Snoring and Sleep Apnea


Snoring is caused by a partial blockage to the free flow of air through the passages at the back of the mouth and nose. As the muscles of the tongue and back of the throat which normally keep the airway open relax during sleep, they fall toward each other and vibrate, causing the noise.

According to the American Academy of Otolaryngology-Head and Neck Surgery, an estimated 45 percent of normal adults snore at least occasionally; 25 percent are habitual snorers. Snoring occurs more frequently in males and overweight persons, and usually grows worse with age.

Mild cases of snoring may not cause a problem for the snorer but can certainly make it difficult for a spouse or roommate to sleep. If snoring is severe, it may be a sign of sleep apnea, a condition that requires a doctor’s care.

Sleep apnea

Sleep apnea is a serious breathing disorder that causes brief interruptions in a person’s breathing during sleep. (The term “apnea” means “without breath.”)

The most common type of sleep apnea is obstructive sleep apnea, in which air is obstructed or blocked from flowing into a person’s nose or mouth. Often, the blockage of air occurs as the throat muscles and tongue relax and sag during sleep. The pauses in breathing may occur up to 20 to 30 times per hour. These frequent interruptions in breathing may cause insomnia because they make it difficult to remain in a deep sleep.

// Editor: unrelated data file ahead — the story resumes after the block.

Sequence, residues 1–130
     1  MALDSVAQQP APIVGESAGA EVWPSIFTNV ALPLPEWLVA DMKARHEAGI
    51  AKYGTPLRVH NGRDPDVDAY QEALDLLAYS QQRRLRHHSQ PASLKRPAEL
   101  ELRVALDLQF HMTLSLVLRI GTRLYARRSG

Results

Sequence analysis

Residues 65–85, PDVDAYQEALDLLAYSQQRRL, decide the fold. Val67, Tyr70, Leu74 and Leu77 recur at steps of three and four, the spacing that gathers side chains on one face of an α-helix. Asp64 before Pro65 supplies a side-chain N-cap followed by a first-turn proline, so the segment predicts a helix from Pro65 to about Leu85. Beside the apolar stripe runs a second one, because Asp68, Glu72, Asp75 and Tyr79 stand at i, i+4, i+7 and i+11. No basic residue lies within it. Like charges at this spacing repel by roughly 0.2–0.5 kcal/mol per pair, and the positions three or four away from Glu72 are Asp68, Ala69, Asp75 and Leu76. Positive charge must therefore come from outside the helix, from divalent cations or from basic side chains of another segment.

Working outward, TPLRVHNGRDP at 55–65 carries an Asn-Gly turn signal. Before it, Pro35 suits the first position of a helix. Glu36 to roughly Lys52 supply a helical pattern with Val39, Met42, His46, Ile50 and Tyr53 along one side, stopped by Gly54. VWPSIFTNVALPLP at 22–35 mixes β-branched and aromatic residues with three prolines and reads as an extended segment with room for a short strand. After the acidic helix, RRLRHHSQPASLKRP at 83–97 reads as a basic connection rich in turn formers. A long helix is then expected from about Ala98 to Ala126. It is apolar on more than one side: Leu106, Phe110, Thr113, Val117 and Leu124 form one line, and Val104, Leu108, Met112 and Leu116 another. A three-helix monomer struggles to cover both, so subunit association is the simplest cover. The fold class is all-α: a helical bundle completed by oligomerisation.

How badly can sleep apnea interfere with sleep? Significantly: A report in The New England Journal of Medicine found that people suffering from sleep apnea were six times more likely to be involved in a car crash (as a result of drowsiness) than those without sleep disorders.

An estimated 4 percent of middle-aged men and 2 percent of middle-aged women have sleep apnea. But the condition could occur in people of any age. In some cases of sudden infant death syndrome, sleep apnea was found to be the cause.

Symptoms of sleep apnea include snoring, (although not everyone who snores has sleep apnea), and daytime sleepiness. It may also cause a choking sensation. Persons who snore loudly and also have obesity, high blood pressure, or a physical abnormality of the nose may have or develop sleep apnea.

The types of treatment depend on the exact cause and severity of sleep apnea. It’s important to have sleep apnea treated not only because it causes insomnia and daytime drowsiness, but also because it may increase one’s risk for heart attack and stroke. So it’s especially important to speak to your doctor if you have sleep apnea and are also overweight, or have high blood pressure or a known heart condition.